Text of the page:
La fuite de capitaux d’Italie

MUNICH – Au mois d’aout, la crise européenne de balance des paiements s’est déplacée au-delà de la périphérie de la zone euro pour commencer à secouer l’Italie. Les spreads de taux d’intérêt sur les obligations d’Etat italiennes ont commencé à s’élever, l’administration du premier ministre Silvio Berlusconi a pris suffisamment peur que pour mettre en ouvre un programme d’austérité et la Banque Centrale Européenne est venue à l’aide en apportant davantage de liquidité.

La BCE a ordonné aux banques centrales de tous les pays membres de la zone euro d’acheter d’énormes quantités d’obligations d’Etat italiennes durant la crise. Bien que les banques centrales nationales n’aient pas révélé le montant de leurs achats, le stock total d’achats d’obligations d’Etat est passé de 74 milliards d’euros (102 milliards de dollars) le 4 aout à 165 milliards d’euros ce mois-ci. La plus grande partie de cette augmentation provient sans doute de l’achat d’obligations italiennes.

La Bundesbank allemande, qui a été forcée d’acheter la plupart des obligations, s’est fortement opposée au programme mais n’a pas pu l’arrêter. En réaction, le Chief Economist de la BCE Jürgen Stark a posé sa démission. Il faisait suite au Président de la Bundesbank Axel Weber, qui avait démissionné en février à cause des rachats d’obligations précédents. Entretemps, le nouveau Président de la Bundesbank, Jens Weidmann, avait ouvertement protesté contre le programme, alors que le Président allemand Christian Wulff avait accusé publiquement la BCE de contourner le Traité de Maastricht.

To continue reading, please log in or enter your email address.

Registration is quick and easy and requires only your email address. If you already have an account with us, please log in. Or subscribe now for unlimited access.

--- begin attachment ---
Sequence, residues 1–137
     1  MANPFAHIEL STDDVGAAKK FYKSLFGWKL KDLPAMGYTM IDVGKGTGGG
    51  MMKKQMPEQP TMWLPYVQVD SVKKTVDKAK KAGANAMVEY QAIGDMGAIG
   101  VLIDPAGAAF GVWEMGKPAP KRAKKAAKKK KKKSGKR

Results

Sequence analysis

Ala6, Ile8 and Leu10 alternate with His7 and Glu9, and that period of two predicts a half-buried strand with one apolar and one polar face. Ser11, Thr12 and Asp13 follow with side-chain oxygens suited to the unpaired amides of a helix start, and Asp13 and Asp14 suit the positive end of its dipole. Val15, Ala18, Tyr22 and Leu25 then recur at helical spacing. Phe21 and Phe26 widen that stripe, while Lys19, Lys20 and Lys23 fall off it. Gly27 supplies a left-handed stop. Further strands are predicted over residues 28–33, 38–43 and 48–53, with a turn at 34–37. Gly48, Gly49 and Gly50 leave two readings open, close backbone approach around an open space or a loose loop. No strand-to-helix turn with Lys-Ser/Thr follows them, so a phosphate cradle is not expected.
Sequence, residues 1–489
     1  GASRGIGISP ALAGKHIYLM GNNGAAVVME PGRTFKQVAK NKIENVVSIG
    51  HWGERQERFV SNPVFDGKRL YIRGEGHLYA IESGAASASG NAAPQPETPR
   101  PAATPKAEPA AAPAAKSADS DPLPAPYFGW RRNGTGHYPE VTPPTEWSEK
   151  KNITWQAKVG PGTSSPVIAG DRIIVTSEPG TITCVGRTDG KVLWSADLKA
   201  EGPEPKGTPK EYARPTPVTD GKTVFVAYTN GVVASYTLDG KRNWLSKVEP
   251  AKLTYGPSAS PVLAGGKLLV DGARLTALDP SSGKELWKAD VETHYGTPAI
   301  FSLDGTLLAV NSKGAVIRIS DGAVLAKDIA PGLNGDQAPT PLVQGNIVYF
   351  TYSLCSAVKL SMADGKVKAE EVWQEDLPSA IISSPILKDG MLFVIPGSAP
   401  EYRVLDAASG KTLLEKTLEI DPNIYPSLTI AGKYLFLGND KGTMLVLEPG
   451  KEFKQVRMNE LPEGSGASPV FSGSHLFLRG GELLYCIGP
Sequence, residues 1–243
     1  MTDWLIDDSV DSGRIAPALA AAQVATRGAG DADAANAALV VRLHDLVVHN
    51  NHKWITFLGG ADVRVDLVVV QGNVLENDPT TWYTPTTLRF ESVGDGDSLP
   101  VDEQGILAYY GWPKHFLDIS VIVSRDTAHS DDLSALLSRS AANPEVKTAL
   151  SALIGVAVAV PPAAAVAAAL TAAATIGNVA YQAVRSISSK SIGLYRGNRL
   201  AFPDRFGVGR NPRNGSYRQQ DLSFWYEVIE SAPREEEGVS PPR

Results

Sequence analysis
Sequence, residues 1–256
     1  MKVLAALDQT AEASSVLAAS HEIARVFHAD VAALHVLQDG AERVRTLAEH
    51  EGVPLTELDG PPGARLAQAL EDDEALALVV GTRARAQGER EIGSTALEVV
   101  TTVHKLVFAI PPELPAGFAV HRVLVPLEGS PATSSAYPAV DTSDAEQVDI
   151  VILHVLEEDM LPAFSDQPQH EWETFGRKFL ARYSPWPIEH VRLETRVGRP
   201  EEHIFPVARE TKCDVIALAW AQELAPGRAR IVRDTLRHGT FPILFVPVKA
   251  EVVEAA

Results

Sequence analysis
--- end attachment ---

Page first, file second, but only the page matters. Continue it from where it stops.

Log in;
  1. Sean Gallup/Getty Images

    Angela Merkel’s Endgame?

    The collapse of coalition negotiations has left German Chancellor Angela Merkel facing a stark choice between forming a minority government or calling for a new election. But would a minority government necessarily be as bad as Germans have traditionally thought?

  2. Trump Trade speech Bill Pugliano/Getty Images .

    Preparing for the Trump Trade Wars

    In the first 11 months of his presidency, Donald Trump has failed to back up his words – or tweets – with action on a variety of fronts. But the rest of the world's governments, and particularly those in Asia and Europe, would be mistaken to assume that he won't follow through on his promised "America First" trade agenda.

  3. A GrabBike rider uses his mobile phone Bay Ismoyo/Getty Images

    The Platform Economy

    While developed countries in Europe, North America, and Asia are rapidly aging, emerging economies are predominantly youthful. Nigerian, Indonesian, and Vietnamese young people will shape global work trends at an increasingly rapid pace, bringing to bear their experience in dynamic informal markets on a tech-enabled gig economy.

  4. Trump Mario Tama/Getty Images

    Profiles in Discouragement

    One day, the United States will turn the page on Donald Trump. But, as Americans prepare to observe their Thanksgiving holiday, they should reflect that their country's culture and global standing will never recover fully from the wounds that his presidency is inflicting on them.

  5. Mugabe kisses Grace JEKESAI NJIKIZANA/AFP/Getty Images

    How Women Shape Coups

    In Zimbabwe, as in all coups, much behind-the-scenes plotting continues to take place in the aftermath of the military's overthrow of President Robert Mugabe. But who the eventual winners and losers are may depend, among other things, on the gender of the plotters.

  6. Oil barrels Ahmad Al-Rubaye/Getty Images

    The Abnormality of Oil

    At the 2017 Abu Dhabi Petroleum Exhibition and Conference, the consensus among industry executives was that oil prices will still be around $60 per barrel in November 2018. But there is evidence to suggest that the uptick in global growth and developments in Saudi Arabia will push the price as high as $80 in the meantime.

  7. Israeli soldier Menahem Kahana/Getty Images

    The Saudi Prince’s Dangerous War Games

    Saudi Arabia’s Crown Prince Mohammed bin Salman is working hard to consolidate power and establish his country as the Middle East’s only hegemon. But his efforts – which include an attempt to trigger a war between Israel and Hezbollah in Lebanon – increasingly look like the work of an immature gambler.